« Prague never lets you go… This dear litlle mother has sharp claws » – Franz Kafka
It’s our last day in Berlin, we are kind of missing it, but our next destination’s hype made us pack our luggage and go for the most famous and beautiful eastern European city, capital of Czech Republic and Franz Kafka’s natural born place: Prague.
We went at 6 AM to Berlin’s road station to catch the first bus heading to Dresden and Prague, passing by Czech’s outstanding landscapes and those frozen mountains going from Austria to the Bayern south side of Germany.
First landscape encountered upon my arrival in Prague
Finally arrived at 11 AM, we had enough time to exchange some Euros into Czech’s Krona which is really low compared to Euro and Dirham, as 1 Euro equals to 25, sometimes 26 Czech Krona.
After getting to the highest point of the city near the Strahov monastery where our hostel was located, we found out that our 7 euros per night double chamber was, in fact, a huge dormitory for foreign students.
At first, we had that little giggle that we might have booked in the wrong place, but after a while we realised that we were in one of the perfect districts of the city, as it is only 800 meters far from Charles’s bridge, the Kafka museum, and Prague’s Castle, one of the most memorable monuments of eastern Europe.
It was actually located near Prague’s garden that leads directly to the Lennon wall, a monument that was built to face wars oppression, racial genocides, and a clear representation of the free spiritual hippie movement that was occurring in the 60’s until the end of the 80’s. Our first day was mainly all about getting used to the surroundings of our accommodation place, and hopefully, most of the surroundings were absolutely stunning historical places, beautiful gardens, great pubs for late nights, and the Petrin tower, which was the highest panoramic view of all Prague.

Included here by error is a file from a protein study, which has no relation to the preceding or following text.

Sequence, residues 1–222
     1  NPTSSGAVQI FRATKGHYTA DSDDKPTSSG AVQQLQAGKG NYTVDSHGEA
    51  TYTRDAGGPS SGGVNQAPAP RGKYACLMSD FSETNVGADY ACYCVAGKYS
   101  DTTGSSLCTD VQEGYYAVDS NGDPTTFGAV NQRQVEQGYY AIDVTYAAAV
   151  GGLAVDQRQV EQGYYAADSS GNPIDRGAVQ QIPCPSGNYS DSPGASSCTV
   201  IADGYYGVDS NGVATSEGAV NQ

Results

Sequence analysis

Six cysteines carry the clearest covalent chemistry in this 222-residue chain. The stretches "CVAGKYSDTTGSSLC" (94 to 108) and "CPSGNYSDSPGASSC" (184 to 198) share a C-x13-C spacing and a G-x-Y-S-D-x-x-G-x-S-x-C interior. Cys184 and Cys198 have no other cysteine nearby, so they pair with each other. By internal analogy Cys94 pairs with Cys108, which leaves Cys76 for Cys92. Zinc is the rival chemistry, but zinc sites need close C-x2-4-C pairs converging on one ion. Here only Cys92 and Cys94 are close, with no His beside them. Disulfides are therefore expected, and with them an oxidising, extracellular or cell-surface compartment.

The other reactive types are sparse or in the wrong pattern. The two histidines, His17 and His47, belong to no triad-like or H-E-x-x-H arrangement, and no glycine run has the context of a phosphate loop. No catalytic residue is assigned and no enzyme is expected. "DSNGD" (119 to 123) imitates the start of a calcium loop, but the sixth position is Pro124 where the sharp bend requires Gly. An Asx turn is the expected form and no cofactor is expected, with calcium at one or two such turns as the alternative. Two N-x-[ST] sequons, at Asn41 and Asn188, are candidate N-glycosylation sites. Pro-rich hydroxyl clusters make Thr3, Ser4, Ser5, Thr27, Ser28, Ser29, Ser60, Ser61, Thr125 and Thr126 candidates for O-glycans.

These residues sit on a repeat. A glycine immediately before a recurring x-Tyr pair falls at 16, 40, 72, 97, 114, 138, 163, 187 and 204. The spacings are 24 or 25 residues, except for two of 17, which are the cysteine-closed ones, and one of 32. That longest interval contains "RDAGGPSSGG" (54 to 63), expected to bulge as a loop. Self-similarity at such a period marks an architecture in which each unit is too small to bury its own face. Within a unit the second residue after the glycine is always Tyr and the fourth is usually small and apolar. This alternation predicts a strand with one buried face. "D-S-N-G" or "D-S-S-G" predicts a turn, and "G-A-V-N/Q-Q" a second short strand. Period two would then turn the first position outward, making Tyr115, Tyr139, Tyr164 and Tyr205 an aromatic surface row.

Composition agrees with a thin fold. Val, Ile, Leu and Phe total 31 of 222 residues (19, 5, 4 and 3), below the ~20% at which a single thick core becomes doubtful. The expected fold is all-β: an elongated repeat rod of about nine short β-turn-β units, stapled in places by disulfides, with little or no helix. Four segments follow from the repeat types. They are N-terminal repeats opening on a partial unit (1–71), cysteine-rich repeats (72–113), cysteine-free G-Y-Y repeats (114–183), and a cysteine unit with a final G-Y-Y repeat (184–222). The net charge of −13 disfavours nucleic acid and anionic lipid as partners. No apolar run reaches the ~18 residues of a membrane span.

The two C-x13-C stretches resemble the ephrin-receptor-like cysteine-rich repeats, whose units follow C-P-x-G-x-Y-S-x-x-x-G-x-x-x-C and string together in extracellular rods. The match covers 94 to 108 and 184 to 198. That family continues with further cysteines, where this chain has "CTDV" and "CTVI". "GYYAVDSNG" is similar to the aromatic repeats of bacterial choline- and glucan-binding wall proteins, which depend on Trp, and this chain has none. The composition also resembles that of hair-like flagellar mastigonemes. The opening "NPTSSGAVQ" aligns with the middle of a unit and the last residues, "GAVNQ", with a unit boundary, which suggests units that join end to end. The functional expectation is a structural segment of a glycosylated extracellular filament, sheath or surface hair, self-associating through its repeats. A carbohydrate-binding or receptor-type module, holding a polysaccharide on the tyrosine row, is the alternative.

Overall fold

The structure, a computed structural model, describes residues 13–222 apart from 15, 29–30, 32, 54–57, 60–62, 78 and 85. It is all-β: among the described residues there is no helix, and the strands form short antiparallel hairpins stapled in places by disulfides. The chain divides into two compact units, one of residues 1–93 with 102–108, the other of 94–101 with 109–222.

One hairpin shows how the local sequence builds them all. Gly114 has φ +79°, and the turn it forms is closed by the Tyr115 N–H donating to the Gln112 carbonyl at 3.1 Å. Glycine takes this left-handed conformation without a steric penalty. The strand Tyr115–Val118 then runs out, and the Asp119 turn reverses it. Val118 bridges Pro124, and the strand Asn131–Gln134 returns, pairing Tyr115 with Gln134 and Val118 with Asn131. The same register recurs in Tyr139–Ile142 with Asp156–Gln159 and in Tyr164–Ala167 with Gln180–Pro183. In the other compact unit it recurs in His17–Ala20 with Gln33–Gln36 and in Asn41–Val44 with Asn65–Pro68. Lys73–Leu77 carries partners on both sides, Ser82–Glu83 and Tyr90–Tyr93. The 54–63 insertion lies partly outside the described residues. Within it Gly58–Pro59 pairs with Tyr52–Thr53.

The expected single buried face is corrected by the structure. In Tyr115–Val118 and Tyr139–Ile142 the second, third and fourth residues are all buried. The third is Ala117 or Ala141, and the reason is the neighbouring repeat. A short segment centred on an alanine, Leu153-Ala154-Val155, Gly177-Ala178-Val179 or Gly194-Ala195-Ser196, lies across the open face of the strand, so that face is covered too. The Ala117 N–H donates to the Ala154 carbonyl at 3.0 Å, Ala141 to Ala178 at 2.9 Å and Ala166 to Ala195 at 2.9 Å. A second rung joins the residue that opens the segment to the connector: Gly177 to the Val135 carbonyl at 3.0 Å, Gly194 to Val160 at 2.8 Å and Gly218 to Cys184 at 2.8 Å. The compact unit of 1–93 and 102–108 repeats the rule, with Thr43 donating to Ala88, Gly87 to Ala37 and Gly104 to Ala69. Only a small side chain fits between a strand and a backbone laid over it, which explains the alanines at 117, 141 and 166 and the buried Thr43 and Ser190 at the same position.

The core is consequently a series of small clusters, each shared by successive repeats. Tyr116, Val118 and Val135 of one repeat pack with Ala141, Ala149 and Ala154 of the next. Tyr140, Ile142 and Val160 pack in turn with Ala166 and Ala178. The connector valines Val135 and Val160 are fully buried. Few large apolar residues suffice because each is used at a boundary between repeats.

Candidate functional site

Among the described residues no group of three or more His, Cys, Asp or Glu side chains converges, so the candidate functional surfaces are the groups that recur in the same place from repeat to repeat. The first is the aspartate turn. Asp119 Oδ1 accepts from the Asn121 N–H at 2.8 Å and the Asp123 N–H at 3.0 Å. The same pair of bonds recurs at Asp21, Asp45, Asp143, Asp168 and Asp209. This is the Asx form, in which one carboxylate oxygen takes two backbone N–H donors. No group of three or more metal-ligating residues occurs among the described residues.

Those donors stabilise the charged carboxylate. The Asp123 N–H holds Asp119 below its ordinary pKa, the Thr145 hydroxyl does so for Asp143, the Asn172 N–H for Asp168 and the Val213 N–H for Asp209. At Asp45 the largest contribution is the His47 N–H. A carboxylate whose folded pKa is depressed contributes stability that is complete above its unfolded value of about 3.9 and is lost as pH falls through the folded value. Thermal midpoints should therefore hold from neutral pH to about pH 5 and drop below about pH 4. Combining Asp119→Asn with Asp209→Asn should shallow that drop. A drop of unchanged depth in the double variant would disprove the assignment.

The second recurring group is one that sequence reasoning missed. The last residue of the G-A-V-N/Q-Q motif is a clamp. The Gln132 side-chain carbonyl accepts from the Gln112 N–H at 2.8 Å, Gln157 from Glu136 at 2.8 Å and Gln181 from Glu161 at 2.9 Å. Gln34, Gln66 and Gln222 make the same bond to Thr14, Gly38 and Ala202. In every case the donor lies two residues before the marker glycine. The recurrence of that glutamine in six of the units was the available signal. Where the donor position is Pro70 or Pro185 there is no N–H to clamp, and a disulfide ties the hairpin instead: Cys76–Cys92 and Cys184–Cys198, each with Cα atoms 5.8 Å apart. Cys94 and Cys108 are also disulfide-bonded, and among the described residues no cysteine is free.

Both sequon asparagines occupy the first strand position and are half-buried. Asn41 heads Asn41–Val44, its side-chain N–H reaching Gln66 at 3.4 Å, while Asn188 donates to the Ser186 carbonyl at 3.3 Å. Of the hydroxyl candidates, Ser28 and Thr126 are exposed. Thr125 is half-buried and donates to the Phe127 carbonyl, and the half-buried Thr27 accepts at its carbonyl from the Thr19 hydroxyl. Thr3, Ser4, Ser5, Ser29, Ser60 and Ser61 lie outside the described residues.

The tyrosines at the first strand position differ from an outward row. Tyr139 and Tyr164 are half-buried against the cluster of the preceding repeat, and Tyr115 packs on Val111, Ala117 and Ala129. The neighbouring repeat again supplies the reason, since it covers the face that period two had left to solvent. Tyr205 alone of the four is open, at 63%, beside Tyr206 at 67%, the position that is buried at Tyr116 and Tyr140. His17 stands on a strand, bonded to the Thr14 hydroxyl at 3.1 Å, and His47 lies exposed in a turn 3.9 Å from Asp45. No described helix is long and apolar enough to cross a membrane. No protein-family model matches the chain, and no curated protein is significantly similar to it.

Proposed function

John Lennon Wall…excuse my camera’s quality (It actually says « free love »)
Three days after visiting most of Prague’s districts, we decided to change our location to another side of the city. We took our backpacks early in the morning, and walked across Prague’s magnificent old town, decorated with colorful architectural buildings, jazz street bands and the crystal clear water river, the Danube.
Upon our arrival in the second hostel, we were received by a charming lady that wished us a great stay and a memorable experience in Prague, which was by far until that moment a lifetime trip.
A lovely tramway near the hostel’s location
After visiting by a sunny afternoon other memorable places in Prague’s east side, we had the chance to taste some of Czech’s culinary wonders, to know more about the local people’s habits, and a chance to discover the history of the city, before going back to the hostel and get to share experiences with the other travelers. T
he night we shared each other’s travels in was simply as magical as the last sunset we saw in the Capital of Bohemia, as Marius from Germany, Gregg from England, Raj from India, Sarah and Deejay from the Netherlands, Salim from Algeria, and Sam from Denmark and both of us Moroccan backpackers, decided to sing along folk and rock’s most famous songs until 4 in the morning.
Charles’s bridge, the city’s must-see
The day after was, unfortunately, our last day in Prague, and I couldn’t help myself just to keep the promise to return someday for another unique experience in this city. But for that moment the adventure was meant to continue, to last for another magical and cultural Capital: Paris…